If you know you're not ever going to be in the neighborhood of paying for the repair, then set it aside till you hit the lottery. If you can sink $1000 (my guess as a low figure for the kind of repair described) or so into it, then have the estimate done. They don't usually charge for repair estimates (though they often charge for valuations).

And I know how you feel about it, I can tell you. I had a guitar knocked to the floor by a waiter once, and the heel block split vertically, inside the neck join. It turned out to be not so expensive to repair, but it gave me a sick feeling to see a Martin with a wiggley neck like that.


29 Aug 06 - 03:17 PM (#1821955)
Subject: RE: Obit: eulogy for a fiddle
From: michaelr

Hi Philippa, sorry to hear about your fiddle. I enjoyed meeting and talking with you when you were in Santa Rosa.

Off to Ireland this Friday! Yaaay!


29 Aug 06 - 03:45 PM (#1821976)
Subject: RE: Obit: eulogy for a fiddle
From: Little Robyn

Hi Philippa, I understand how you feel.
However, if the repair is going to cost mega bucks,
and if insurance won't cover it,
and if you're not the richest person around,
and if you're ready to thow it on the fire,
(that's a lot of ifs),
howsabout offering it to a trainee instrument maker or a local technical college that teaches woodwork, as a special project?
Maybe they will make a mess of it but maybe it might be playable when they've finished and someone will have had valuable experience working on an old instrument.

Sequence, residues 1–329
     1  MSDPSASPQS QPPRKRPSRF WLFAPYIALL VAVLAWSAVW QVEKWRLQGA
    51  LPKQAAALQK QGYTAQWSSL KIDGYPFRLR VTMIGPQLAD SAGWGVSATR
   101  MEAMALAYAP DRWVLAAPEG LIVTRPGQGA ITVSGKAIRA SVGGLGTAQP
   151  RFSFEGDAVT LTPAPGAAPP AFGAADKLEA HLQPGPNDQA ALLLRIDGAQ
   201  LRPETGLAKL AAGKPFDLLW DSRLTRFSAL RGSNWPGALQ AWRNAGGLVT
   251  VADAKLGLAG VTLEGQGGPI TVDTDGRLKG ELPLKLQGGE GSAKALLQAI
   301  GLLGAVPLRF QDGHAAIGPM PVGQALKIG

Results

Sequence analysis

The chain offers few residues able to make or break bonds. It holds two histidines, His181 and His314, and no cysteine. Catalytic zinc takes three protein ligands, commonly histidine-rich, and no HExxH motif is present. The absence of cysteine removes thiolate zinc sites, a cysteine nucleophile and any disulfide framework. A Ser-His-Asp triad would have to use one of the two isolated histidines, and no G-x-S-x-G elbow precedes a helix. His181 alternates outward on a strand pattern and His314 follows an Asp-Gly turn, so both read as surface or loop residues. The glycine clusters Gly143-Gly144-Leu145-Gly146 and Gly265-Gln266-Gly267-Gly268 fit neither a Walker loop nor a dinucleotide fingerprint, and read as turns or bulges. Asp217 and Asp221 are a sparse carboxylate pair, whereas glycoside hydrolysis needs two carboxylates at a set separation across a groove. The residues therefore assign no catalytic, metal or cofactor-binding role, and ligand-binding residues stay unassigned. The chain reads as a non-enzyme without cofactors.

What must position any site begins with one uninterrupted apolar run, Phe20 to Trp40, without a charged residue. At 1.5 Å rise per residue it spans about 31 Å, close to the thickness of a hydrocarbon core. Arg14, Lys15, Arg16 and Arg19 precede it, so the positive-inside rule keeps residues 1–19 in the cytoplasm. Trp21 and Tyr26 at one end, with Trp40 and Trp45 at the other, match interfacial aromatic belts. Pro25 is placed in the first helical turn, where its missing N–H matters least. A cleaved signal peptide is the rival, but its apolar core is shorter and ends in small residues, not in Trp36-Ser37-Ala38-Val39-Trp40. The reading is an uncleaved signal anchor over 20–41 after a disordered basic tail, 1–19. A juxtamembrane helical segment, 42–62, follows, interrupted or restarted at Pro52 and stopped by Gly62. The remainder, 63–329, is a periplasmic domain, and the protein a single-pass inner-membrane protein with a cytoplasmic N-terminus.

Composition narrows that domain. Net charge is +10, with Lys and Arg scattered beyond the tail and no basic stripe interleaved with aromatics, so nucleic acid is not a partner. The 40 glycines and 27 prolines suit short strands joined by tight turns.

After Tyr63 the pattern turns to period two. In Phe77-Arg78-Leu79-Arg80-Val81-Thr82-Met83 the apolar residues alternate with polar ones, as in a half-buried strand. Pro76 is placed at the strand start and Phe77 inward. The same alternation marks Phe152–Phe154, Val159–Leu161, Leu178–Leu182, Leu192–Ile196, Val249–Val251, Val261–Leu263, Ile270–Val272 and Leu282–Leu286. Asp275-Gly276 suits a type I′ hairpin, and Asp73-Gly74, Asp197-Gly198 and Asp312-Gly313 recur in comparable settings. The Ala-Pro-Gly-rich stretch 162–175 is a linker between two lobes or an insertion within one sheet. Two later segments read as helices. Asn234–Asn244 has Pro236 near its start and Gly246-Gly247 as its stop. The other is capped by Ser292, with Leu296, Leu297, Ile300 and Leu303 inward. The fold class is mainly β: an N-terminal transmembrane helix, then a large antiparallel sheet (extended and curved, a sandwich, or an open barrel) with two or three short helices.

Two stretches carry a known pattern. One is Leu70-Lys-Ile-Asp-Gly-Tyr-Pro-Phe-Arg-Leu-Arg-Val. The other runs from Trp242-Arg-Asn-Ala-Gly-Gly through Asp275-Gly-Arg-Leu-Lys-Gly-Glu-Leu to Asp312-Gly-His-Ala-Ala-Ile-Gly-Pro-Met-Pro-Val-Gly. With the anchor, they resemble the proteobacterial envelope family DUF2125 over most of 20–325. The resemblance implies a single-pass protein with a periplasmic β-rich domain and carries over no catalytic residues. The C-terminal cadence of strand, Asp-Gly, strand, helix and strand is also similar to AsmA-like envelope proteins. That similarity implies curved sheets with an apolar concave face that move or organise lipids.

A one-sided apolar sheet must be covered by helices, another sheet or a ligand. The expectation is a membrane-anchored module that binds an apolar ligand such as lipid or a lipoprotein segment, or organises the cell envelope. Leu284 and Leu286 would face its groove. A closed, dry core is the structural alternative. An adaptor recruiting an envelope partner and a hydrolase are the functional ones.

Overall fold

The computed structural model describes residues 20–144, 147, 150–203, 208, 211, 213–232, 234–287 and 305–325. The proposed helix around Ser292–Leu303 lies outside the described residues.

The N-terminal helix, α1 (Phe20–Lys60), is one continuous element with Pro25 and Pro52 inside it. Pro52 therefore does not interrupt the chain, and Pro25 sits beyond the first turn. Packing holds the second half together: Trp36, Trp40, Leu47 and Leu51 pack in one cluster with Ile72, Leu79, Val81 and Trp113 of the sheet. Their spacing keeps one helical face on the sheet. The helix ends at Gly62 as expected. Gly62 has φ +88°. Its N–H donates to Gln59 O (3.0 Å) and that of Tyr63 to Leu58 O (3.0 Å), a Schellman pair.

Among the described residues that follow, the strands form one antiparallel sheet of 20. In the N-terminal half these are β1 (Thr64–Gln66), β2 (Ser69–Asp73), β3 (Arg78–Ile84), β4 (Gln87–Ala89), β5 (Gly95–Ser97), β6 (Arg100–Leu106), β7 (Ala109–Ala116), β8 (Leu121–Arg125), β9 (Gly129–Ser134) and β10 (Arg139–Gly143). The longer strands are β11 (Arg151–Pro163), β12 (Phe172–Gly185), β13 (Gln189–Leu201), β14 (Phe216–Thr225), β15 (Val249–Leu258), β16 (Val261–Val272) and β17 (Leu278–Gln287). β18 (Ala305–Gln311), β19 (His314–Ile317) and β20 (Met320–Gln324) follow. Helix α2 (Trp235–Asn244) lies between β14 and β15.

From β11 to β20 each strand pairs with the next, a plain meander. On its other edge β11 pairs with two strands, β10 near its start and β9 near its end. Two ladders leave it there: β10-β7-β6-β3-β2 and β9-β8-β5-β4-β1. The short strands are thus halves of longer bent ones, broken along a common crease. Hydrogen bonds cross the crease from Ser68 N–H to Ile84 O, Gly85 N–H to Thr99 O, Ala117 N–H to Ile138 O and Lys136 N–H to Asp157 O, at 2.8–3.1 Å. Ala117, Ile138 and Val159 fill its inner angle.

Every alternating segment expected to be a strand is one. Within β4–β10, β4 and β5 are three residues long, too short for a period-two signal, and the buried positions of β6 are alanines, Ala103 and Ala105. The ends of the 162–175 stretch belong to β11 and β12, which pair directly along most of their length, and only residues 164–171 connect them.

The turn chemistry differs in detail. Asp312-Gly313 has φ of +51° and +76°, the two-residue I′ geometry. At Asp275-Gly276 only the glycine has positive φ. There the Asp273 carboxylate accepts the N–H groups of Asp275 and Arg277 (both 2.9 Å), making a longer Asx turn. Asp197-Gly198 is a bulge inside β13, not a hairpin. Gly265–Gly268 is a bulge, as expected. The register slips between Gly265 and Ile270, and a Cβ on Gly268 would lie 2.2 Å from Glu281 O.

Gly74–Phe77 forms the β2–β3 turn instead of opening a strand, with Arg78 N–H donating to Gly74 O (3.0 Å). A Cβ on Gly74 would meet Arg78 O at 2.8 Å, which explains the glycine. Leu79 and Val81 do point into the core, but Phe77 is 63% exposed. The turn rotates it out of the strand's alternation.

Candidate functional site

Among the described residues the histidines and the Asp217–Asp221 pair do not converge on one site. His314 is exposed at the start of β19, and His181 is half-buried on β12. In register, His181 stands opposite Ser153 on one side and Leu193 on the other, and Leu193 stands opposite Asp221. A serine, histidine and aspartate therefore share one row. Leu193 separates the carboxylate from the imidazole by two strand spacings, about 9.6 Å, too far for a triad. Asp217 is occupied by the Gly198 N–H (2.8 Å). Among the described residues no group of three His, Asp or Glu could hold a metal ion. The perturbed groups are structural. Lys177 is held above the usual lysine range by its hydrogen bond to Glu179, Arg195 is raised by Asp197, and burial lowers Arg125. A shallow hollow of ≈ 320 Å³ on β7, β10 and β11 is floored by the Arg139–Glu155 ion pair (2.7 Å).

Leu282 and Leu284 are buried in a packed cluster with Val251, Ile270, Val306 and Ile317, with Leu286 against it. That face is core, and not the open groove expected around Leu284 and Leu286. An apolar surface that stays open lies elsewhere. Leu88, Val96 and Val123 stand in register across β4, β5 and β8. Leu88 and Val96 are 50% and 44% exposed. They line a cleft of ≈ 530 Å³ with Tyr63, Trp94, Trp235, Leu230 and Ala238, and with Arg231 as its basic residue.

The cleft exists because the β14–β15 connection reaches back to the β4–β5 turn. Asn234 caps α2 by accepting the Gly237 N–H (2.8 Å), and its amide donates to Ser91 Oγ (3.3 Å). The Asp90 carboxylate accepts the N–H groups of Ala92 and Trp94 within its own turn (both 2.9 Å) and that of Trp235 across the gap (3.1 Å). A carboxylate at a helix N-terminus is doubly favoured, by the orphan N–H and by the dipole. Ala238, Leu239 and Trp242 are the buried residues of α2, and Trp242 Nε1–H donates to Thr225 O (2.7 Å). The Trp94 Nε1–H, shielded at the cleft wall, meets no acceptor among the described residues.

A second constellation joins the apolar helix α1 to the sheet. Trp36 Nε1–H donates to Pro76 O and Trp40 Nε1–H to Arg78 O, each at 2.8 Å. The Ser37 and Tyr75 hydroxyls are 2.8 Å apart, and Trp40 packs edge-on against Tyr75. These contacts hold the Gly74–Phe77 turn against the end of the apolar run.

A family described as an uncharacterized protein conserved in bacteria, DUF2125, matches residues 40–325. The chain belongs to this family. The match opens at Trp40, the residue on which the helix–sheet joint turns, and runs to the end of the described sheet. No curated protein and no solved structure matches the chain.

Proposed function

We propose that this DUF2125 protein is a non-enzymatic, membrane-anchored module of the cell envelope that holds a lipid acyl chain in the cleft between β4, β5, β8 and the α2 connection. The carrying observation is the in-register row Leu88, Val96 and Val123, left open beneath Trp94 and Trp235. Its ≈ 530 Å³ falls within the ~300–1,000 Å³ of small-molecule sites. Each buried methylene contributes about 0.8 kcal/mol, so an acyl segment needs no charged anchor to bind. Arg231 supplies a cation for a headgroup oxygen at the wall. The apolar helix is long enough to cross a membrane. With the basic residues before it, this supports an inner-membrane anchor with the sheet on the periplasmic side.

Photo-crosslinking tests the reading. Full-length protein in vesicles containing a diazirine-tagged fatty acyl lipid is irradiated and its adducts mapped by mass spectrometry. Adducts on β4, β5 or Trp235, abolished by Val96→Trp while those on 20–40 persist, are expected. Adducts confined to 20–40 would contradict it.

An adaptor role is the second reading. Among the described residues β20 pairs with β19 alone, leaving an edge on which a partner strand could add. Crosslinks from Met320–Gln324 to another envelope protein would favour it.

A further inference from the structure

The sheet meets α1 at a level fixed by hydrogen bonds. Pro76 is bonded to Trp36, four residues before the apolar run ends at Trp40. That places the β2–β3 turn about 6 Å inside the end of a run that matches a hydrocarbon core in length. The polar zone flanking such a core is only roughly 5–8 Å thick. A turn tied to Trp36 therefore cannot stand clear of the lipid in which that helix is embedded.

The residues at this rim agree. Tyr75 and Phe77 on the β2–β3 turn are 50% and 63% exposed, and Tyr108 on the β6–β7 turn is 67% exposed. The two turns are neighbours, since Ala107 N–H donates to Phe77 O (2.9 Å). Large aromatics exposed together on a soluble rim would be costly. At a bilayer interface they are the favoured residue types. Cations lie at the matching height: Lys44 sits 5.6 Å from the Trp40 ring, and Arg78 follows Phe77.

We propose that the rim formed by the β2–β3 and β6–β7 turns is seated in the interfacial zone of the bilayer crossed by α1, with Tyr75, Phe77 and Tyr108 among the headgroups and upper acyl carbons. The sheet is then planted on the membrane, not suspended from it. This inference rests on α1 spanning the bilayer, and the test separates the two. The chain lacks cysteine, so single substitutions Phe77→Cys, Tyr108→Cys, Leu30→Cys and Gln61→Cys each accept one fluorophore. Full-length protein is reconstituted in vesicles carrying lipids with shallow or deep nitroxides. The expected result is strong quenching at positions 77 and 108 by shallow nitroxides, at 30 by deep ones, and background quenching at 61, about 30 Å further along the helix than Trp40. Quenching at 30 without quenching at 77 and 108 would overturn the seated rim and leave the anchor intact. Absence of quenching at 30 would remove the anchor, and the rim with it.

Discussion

I once repaired a broken guitar (my first, very cheap rubbishy one that someone knocked over) and I got fibreglass stuck all over me!
It sounded fine when I'd finished but it always looked a bit strange.
But that was 40 years ago - there's a much better range of repair stuff these days and people who work with wood have a better idea of how things work than I did back then!
Good luck,

29 Aug 06 - 04:07 PM (#1821998)
Subject: RE: Obit: eulogy for a fiddle
From: MissouriMud

Ode to a Fiddle Run Over By a Cab

A terrible riddle
Just stopped to diddle
Caught in the middle
'Tween the cab and griddle

Rickety splittle
Just too brittle
Make a grownup piddle
Just a wee wee little

Can't afford to twiddle
Take some wood and spittle
Just got to whittle
A brand new fiddle

29 Aug 06 - 04:24 PM (#1822015)
Subject: RE: Obit: eulogy for a fiddle
From: Sorcha

Robyn, I was just about to say that

30 Aug 06 - 09:00 AM (#1822614)
Subject: RE: Obit: eulogy for a fiddle
From: GUEST,Philippa

Bob, the fiddle was old,but we don't think the label was telling the truth regarding the instrument. It was good but the finger board isn't set precisely right which decreased the value. The fingerboard is intact, though the chin rest broke. When I wrote about scrolls, I meant the sound holes, not the scroll at the end of the neck of the violin. I see you also know how it feels to see a wrecked instrument; I wouldn't feel so quite so bad about a stolen instrument which might at least be making music with someone else (and I am a rather casual player who did not do my fiddle justice!)